Most people are familiar with the advantages of trading ETFs, such as the low costs, flexibility, and tax efficiency. There are also some disadvantages to be aware of before investing in these products.
ETFs are not always cheaper than mutual funds.
While ETFs typically have lower expense ratios than comparable mutual funds, this is not always the case. For example, Fidelity offers several zero-expense ratio index mutual funds, which are much cheaper to hold than ETFs tracking the same indexes.
ETFs can be more volatile than mutual funds.
It is because they are traded on an exchange and subject to the whims of the market. For example, if there is a sudden sell-off in the market, ETF prices can drop sharply in minutes.
ETFs may have complex structures.
ETFs may have complex structures that make them difficult to understand. For example, some ETFs use derivatives or leverage to achieve their investment objectives. It can make it difficult to determine the actual value of the underlying assets and how they will perform over time.
ETFs may not track their indexes accurately.
They are subject to tracking error, which is the difference between the return of the ETF and the return of its underlying index. It occurs for various reasons, such as expenses, fees, and market forces.
ETFs may be subject to counterparty risk.
It is the risk that the other party in a transaction will not fulfil their obligations. For example, if you buy an ETF traded on an exchange, you rely on the exchange to match you with a seller. If the exchange fails to do so, you may not be able to sell your shares.
ETFs may have high bid-ask spreads.
It is the difference between the highest price a buyer is willing to pay for a share and the lowest price a seller is willing to accept. It occurs because there is often less liquidity in the market for ETFs than there is for stocks. Buyers might have to pay more than they would for a stock, and sellers may have to accept less.
Capital gains taxes may apply to ETFs.
They are sold on an exchange and can be subject to short-term or long-term capital gains taxes. It can eat into your investment returns, especially if you are in a high tax bracket.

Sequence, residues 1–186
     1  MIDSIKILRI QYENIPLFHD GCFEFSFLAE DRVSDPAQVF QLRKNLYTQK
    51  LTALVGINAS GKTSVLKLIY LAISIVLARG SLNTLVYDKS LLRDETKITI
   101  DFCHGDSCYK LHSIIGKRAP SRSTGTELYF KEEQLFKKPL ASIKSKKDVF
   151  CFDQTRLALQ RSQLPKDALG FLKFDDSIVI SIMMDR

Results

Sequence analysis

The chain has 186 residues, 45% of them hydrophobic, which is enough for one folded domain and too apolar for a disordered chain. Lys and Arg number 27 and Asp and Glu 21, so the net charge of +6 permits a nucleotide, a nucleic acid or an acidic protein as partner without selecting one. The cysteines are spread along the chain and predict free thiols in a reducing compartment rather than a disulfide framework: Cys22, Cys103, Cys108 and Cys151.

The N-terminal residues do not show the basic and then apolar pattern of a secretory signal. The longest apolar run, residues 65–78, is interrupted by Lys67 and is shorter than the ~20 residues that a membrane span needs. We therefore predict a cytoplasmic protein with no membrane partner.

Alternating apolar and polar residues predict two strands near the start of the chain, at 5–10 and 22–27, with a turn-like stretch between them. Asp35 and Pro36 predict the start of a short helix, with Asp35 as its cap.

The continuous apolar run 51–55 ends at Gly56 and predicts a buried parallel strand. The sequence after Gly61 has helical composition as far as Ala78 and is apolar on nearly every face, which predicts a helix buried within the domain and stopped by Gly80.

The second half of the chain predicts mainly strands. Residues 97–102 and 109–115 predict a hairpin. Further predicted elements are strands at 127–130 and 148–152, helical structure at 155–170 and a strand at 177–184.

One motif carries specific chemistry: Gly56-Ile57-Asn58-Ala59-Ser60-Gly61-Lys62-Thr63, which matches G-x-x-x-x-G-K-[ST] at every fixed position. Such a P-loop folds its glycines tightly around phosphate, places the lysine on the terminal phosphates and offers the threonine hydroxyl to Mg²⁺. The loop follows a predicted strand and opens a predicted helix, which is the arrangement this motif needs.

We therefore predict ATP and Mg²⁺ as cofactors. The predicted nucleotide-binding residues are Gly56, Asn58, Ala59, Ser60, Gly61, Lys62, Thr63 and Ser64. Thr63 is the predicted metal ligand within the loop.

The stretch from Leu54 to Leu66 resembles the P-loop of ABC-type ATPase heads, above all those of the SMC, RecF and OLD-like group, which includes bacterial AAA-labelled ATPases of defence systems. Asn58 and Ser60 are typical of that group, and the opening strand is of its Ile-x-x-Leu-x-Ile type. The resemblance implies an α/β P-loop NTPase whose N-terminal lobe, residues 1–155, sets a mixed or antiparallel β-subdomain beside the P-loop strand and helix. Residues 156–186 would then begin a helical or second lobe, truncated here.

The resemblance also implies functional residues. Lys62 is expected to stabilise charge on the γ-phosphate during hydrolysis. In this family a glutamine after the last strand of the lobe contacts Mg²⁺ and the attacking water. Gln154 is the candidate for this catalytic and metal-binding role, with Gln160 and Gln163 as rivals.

ETFs may be challenging to borrow
They are not always available to be borrowed for short selling. As a result, you may have to pay higher interest rates when you borrow them.
You may need a broker to trade ETFs.
If you want to trade ETFs, you will need to open an account with a broker that offers them. It can't be easy if you are not already familiar with the broker.
You may need to pay commissions to trade ETFs.
If you trade ETFs through a broker (you can check here), you will likely have to pay commissions. It can add to the cost of your investment and eat into your returns.
ETFs may not be suitable for all investors.
Before investing in ETFs, you should consider your investment objectives, risk tolerance, and financial situation. It is because ETFs may not be suitable for all investors. For example, if you are retired and relying on investment income to support yourself, ETFs may not be the best investment.
You may lose money investing in ETFs.
As with all investments, there's the risk that you will lose money. It is especially true if you invest in ETFs subject to market volatility or tracking error. Before investing in ETFs, you should consider your risk tolerance and financial situation.
Investors should be aware of these disadvantages before investing in ETFs. While ETFs can offer some benefits, they are not without risk. As with any investment, you should research and consult a financial advisor to determine if ETFs are suitable for you.